The Potomac Institute for Policy Studies is releasing the findings of a months-long study for the National Aeronautics and Space Administration’s (NASA) Office of the Chief Health Medical Officer entitled: “Parastronaut Feasibility Foundational Research Study”. NASA engaged the Institute to identify what it would take to fly astronauts with disabilities safely into space and back to Earth.
For years, NASA has selected astronauts based on certain physical parameters including having full, unobstructed use of limbs with little, if any, consideration to candidates who may not meet these criteria. This study looks specifically at astronauts with certain physical disabilities including individuals with lower leg deficiency, short stature, and/or leg length differences, among others. The Institute consulted with medical experts, military leaders, industry leaders, other organizations and stakeholders, and subject matter experts including former astronauts Former NASA Administrator Major General Charles Bolden and Former NOAA Administrator Dr. Kathy Sullivan. With their guidance, this report outlines policy recommendations, technical, medical, and operational hurdles, and considerations to make sure potential parastronauts can safely fly and contribute to space missions.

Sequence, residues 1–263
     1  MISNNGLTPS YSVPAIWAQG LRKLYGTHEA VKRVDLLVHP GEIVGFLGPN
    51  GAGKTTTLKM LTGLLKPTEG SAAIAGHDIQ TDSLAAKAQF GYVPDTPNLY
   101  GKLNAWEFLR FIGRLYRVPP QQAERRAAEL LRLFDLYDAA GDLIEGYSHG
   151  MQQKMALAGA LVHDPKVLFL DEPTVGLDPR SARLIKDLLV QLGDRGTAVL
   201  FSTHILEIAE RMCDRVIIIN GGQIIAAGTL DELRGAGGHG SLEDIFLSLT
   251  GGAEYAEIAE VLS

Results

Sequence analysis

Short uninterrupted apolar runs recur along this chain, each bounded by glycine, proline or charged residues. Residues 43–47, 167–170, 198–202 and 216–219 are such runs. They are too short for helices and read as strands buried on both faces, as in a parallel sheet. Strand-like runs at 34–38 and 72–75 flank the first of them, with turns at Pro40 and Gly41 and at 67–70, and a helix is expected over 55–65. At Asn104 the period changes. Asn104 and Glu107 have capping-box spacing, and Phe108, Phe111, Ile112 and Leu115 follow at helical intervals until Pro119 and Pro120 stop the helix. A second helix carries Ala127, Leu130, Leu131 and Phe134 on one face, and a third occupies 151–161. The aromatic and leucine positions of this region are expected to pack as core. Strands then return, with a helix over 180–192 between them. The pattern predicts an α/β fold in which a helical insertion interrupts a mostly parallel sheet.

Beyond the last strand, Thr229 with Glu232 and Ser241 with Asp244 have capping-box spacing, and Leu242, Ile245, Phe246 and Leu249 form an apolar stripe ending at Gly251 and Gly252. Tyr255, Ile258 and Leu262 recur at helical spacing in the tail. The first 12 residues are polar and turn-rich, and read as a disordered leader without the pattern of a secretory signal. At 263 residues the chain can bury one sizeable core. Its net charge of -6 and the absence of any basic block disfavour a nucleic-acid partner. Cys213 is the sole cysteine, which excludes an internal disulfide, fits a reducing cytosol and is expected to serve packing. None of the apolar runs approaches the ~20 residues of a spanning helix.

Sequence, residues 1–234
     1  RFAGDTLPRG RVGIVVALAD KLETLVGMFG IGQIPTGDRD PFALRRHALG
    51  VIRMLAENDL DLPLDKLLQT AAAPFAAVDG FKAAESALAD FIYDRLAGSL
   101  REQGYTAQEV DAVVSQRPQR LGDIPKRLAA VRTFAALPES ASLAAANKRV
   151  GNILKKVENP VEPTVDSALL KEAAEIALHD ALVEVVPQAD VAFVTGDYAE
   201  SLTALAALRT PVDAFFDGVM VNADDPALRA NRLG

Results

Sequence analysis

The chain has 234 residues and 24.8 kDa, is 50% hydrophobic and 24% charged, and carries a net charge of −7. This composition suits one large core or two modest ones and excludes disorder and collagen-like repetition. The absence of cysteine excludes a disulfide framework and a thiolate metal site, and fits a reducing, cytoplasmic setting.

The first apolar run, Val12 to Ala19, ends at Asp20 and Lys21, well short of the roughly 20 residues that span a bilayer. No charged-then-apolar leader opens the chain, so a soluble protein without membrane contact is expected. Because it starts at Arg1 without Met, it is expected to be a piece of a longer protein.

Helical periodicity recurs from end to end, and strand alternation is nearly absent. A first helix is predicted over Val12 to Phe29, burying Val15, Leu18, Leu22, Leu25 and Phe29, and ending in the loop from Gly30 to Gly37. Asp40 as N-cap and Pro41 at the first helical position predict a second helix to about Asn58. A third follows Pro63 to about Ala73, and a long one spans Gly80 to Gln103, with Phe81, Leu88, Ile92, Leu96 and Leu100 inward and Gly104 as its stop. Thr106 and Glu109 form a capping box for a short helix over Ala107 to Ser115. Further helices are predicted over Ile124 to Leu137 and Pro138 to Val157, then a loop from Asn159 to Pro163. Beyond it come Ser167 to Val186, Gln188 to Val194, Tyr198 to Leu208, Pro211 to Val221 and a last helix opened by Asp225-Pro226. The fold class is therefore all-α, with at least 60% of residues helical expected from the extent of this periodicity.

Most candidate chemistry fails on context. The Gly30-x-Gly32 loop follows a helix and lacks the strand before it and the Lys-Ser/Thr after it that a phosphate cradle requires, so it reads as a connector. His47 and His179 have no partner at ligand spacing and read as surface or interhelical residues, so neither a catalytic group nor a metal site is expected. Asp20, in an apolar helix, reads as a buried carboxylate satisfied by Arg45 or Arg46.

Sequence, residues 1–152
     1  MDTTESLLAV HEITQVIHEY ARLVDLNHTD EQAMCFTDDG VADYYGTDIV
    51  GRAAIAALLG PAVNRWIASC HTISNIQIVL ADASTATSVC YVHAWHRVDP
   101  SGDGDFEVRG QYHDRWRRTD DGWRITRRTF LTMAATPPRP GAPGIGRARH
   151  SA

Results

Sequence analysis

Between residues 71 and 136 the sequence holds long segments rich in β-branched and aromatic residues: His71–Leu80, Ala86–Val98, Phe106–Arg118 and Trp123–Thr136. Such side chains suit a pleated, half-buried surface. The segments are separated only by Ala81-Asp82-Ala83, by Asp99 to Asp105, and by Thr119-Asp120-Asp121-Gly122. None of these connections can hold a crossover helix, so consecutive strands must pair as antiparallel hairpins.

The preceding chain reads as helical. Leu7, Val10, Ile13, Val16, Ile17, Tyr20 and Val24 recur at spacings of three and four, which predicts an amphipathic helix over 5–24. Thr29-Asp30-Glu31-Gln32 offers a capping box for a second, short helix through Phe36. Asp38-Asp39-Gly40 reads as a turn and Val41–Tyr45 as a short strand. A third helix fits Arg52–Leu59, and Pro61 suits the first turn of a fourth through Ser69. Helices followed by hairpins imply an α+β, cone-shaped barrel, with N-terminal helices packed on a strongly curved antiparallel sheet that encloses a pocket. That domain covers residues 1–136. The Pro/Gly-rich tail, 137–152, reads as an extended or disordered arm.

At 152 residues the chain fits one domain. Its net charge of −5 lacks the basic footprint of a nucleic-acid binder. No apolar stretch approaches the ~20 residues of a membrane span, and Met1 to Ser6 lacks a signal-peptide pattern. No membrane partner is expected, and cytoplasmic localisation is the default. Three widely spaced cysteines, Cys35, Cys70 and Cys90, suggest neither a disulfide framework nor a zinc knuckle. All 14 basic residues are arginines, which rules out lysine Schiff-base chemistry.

CEO of Potomac Institute Dr. Jennifer Buss stated, “There are ways to safely send parastronauts into space. It is vital NASA and space agencies around the world look to include a wider range of space flight candidates, and not exclude any potential exemplar astronaut candidates based on physical limitations that do not align with current technological and medical advances. Our findings and recommendations stem from months of data collected from interviews, research, and other methodologies.”